Family, leisure, and the arts: aspects of the culture of the aristocracy of Ulster, 1870-1925
McHugh, Devon Margaret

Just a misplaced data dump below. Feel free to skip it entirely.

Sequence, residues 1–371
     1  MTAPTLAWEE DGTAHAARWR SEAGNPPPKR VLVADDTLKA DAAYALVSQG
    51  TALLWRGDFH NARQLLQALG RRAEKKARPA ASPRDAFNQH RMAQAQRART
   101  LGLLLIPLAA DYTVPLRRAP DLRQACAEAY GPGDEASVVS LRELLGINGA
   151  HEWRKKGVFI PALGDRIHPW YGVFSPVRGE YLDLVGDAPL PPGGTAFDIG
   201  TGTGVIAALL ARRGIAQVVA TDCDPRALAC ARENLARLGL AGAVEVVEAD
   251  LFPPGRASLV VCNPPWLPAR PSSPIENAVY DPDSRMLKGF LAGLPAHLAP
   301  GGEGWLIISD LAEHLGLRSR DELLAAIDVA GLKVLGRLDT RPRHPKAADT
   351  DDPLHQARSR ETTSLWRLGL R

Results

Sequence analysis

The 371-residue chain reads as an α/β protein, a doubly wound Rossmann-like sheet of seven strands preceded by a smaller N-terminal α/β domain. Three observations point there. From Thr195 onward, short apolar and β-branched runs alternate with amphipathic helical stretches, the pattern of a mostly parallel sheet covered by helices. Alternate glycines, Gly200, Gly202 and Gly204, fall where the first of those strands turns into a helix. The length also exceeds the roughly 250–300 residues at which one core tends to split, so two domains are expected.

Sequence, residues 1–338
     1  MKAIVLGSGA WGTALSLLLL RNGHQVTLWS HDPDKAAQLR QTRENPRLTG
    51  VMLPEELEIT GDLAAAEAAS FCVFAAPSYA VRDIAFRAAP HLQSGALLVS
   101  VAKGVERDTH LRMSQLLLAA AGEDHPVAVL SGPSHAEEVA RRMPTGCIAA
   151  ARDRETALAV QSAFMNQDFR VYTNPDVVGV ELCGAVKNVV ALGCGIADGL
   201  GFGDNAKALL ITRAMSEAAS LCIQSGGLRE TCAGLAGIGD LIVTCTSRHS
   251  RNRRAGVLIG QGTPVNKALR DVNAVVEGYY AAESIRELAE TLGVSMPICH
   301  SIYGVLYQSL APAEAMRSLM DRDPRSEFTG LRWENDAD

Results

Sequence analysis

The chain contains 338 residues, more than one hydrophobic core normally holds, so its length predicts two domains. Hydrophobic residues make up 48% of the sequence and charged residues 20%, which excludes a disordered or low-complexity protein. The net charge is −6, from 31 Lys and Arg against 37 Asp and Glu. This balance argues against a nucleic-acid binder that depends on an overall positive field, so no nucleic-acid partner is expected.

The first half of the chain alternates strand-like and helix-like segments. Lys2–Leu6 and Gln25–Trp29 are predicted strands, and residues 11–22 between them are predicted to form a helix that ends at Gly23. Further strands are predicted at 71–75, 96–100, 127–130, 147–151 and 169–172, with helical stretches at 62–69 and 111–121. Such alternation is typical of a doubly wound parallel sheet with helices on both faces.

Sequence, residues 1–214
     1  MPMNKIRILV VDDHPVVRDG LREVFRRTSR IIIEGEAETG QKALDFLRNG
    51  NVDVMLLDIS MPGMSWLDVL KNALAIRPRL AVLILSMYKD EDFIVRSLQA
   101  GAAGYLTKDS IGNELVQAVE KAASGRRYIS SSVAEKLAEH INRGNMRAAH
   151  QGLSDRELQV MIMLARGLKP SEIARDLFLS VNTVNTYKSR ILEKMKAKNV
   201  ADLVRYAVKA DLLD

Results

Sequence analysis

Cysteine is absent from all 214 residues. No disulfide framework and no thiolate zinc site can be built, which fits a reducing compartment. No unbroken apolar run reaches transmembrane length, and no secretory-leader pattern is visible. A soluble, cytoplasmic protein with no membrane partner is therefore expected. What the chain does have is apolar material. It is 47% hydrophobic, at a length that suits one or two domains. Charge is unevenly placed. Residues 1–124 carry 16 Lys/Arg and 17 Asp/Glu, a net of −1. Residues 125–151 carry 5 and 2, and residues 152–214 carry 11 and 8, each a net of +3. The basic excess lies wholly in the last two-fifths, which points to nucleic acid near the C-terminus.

The historiography of the north of Ireland in the 19th and 20th centuries fails to address many key issues regarding the social and material culture of the aristocracy of the region. Existing work has concentrated largely on economic and political questions. This thesis seeks to redress this balance by providing a study of the world of the Ulster aristocracy outside the realms of national politics and land purchase. The work looks at six aspects of aristocratic culture between 1870 and 1925, using the personal and material records of twelve of the premier aristocratic families in the nine county region as a case study to examine changes in the family life, artistic and architectural patronage, and leisure practises of these families. The thesis does not seek to provide a comprehensive cultural history of the aristocracy; however, the discussions contained within this work are relevant to the wider aristocratic and elite culture of Ulster, Ireland, and Britain, and reflect the growing awareness of the landed classes of the rapid social changes of the time. While the study is in many ways central to examinations of contemporary aristocratic culture in Ireland and Britain, the specific intention of the work is to illuminate the (as yet) underexplored lives of these families. The families under examination demonstrate in their patterns of family life, artistic and architectural involvement, and leisure, both an adherence to a wider British-led ‘cultural unionism’, and a growing sense of their distinctive ‘Ulster’ identity. Additionally, the enormous wealth and exalted status of these families set them apart from their less privileged neighbours. The social, financial, and geographical place of these families within the United Kingdom influenced their culture in a distinctive way during this period. By offering a new focus for the study of the history of the north of Ireland in the 19th and 20th centuries, this thesis seeks to open up an area of study that has been largely neglected by historians. The topics of discussion have been chosen to engage with some of the more marked weaknesses in the existing historiography, and also to reflect those areas in which archival and material sources are most abundant. The intention of the thesis is to examine the ways in which these families took an active part in adapting their culture during this period. By altering their patterns of consumption and movement to suit contemporary changes, and harnessing and manipulating ideas about the place of the elite within the wider British social climate, these families worked to retain their relevance into the 20th century. The goal of this thesis is to begin to construct what has been termed an ‘occupied past’: the work seeks to provide, not a set of political and economic changes and an analysis of the responses to these challenges, but new research and discussion that more clearly reflects the day-to-day existences of these powerful and privileged families during a period of profound social, political, and economic change.